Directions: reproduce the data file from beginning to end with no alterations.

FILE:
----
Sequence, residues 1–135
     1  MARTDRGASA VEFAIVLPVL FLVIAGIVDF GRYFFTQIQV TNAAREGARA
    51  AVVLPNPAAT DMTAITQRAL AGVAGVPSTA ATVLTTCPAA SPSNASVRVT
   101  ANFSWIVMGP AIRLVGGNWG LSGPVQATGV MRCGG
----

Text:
Sequence, residues 1–135
     1  MARTDRGASA VEFAIVLPVL FLVIAGIVDF GRYFFTQIQV TNAAREGARA
    51  AVVLPNPAAT DMTAITQRAL AGVAGVPSTA ATVLTTCPAA SPSNASVRVT
   101  ANFSWIVMGP AIRLVGGNWG LSGPVQATGV MRCGG